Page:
One-size-fits-all professional development never really fits all of the different "sizes" of workers in an organization. Seniority levels, job roles, locations—and even local culture—all figure into personalizing learning so that the lessons stick. So, too, do employee preferences. For example, according to LinkedIn's recent Workplace Learning Report, while 58 percent of employees prefer to learn at their own pace, 49 percent prefer to learn at the point of need.
For the HR executives responsible for training employees and professional development planning, meeting those diverse needs can be challenging. We asked business leaders around the world for their ideas on how they approach training for workers across levels and teams, as well as borders and cultures. From "bite-sized" training for millennials to doing stints at partner businesses, HR and training leaders are getting creative to ensure professional development matches the ways workers approach their jobs.
Training in Bite-Sized Portions
Samuel Johns is human resources manager at the Taipei, Taiwan offices of resume builder software company Resume Genius. He's implemented what he calls "bite-sized training" to appeal to younger workers.
"Many Gen Z and millennial workers are at their most productive working in short bursts, switching from one task to another as their attention shifts," Johns says. Instead of all-day training, he breaks it down into pieces.
"For instance, they might spend five minutes watching an educational video while eating breakfast," Johns says. "Then after lunch, they can review the corresponding written content. Finally, before going home, they can try their hand at some quizzes to consolidate their newly acquired knowledge."
In addition to the quick-hit nature of the training, Johns also facilitates learning as a group. "Taiwanese society is less individualistic than American and European society," Johns says. "While my North American and European colleagues are happy to learn independently, our Taiwanese colleagues like to take their smartphones and laptops, find an empty meeting room, and work on learning tasks together."
Friendly Competition Through Gamification
At shopping comparison website elMejorTrato.com, with offices in Central America and South America, training games are driving productivity. The company created a game called "Learn to Win," where worker progress is displayed on a leaderboard. The goal is to encourage workers to read books, listen to podcasts, or take online courses that relate to their jobs. As soon as workers complete required training classes, they're given short training tests— high scorers receive gift cards and movie tickets.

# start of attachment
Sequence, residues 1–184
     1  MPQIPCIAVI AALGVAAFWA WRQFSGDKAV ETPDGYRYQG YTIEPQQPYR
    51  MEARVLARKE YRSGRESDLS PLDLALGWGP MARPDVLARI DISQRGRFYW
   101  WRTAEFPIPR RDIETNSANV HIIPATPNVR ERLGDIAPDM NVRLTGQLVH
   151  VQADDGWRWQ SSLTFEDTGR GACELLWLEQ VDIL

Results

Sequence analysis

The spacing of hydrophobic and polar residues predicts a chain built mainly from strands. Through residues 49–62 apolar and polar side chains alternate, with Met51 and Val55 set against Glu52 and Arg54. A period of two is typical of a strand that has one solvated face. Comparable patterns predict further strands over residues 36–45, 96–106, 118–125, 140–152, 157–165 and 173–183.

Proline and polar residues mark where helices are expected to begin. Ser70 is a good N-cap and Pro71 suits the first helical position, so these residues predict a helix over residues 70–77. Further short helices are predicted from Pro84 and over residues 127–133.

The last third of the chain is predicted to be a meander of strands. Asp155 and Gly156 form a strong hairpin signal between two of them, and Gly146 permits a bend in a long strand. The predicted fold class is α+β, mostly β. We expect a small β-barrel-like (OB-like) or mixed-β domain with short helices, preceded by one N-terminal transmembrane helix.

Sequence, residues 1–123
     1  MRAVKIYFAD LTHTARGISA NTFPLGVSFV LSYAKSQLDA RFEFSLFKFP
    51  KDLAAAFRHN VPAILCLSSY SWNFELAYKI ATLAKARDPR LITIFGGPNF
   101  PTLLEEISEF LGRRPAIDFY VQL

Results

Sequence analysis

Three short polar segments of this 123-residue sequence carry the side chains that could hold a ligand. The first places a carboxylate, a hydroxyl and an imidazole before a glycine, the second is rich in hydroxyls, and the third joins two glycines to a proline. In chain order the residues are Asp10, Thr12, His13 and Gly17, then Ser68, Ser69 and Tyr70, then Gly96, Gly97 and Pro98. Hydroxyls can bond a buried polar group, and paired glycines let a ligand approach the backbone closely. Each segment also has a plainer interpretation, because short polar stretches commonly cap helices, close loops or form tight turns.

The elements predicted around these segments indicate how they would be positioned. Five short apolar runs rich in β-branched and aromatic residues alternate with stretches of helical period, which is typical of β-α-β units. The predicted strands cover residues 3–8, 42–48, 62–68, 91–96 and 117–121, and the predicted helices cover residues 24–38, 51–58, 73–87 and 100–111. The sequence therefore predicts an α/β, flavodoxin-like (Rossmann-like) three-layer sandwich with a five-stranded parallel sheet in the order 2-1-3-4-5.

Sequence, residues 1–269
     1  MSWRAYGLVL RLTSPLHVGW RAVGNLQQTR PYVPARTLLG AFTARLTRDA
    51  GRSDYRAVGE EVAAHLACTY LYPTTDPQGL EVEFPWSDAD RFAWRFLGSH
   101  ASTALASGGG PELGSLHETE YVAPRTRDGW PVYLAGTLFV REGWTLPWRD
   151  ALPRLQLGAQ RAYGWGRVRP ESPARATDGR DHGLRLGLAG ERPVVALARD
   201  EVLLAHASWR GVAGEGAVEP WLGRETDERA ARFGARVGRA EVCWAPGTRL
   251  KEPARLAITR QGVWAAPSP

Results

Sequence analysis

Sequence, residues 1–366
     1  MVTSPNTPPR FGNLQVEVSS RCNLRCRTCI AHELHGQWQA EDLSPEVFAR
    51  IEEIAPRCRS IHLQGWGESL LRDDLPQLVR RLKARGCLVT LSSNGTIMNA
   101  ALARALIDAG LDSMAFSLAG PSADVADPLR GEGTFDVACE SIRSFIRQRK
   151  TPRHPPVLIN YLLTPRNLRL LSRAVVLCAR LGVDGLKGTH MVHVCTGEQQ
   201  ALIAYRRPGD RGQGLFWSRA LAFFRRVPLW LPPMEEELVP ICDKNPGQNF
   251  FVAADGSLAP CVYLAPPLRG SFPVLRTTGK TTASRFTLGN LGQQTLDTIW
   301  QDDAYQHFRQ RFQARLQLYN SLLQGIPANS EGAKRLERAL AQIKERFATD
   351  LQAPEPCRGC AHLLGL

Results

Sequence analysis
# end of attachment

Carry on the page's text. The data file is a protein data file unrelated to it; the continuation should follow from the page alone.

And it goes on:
"This approach appeals especially to younger workers, thanks to the immediacy of the rewards," says Eric Anderson, elMejorTrato.com's vice president of human resources, noting that millennials are not as motivated by long-term rewards like climbing the career ladder.
"In Colombia, for example, it's typical that younger workers only stay a short time at a business," Anderson says. "They're often changing jobs for financial reasons. That's why they tend to focus their attention on short-term material rewards."
Making Workers Uncomfortable—In a Good Way
Borko Naumovski, founder of Macedonia tour company We Love Skopje, wants tour guides-in-training to think fast on their feet. Toward that end, he'll surprise them by unexpectedly turning over a tour to them on the spot.
"The usual training approach would be to quiz them on what they know," Naumovski says. "But I know from experience that it's much more important for the guides to be friendly and make people feel comfortable."
Trainee guides might be uncomfortable leading a tour when they hadn't planned to do so, "but they adapt to the situation," he says. "Dealing with people is unpredictable by itself, and one of the best ways to get used to it is to develop a tolerance for unpredictability."
Training on the Job–With a Different Company
Employees at GetVoIP, a New York-based comparison-shopping service for VoIP solutions, work frequently with telecom service providers. Reuben Yonatan, GetVoIP's CEO, encourages account executives to work on-site for a week at these companies, as way to keep their skills sharp. By working side-by-side with partners, he says, employees can better understand industry pain points.
"While it's true that a lot of the value would lie in our team members gaining more insight into the industry as a whole, and each partner in particular, there are also a few soft skills they develop — from communication skills to empathy," Yonatan says. "Being in direct, face-to-face communication with our partner-customers also forces our team to be on their 'A-Game' at all times to best represent the company."
What's applicable to your company and your employees may vary by industry, job type and and more. But across the board, using personalized learning and making training more relatable and engaging, you may find that workers are more enthusiastic about taking part. At elMejorTrato.com, for example, worker productivity went up by almost 15 percent thanks to gamification-driven training. And with the growing need for organizations to upskill their workforce in response to changes in technology—every little bit counts.
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RPS vill “göra det komplexa enkelt”
RPS är ett globalt tjänsteföretag som specialiserar sig på naturliga och byggda miljöer med närvaro i fler än 125 länder.Företaget har en bred medarbetarbas, från konsulter till akademiker, forskare, arkitekter och ingenjörer och alla kategorier däremellan. Fram till 2018 var HR decentraliserat utan någon globalt övergripande funktion eller People Director och man arbetade med manuella system och processer.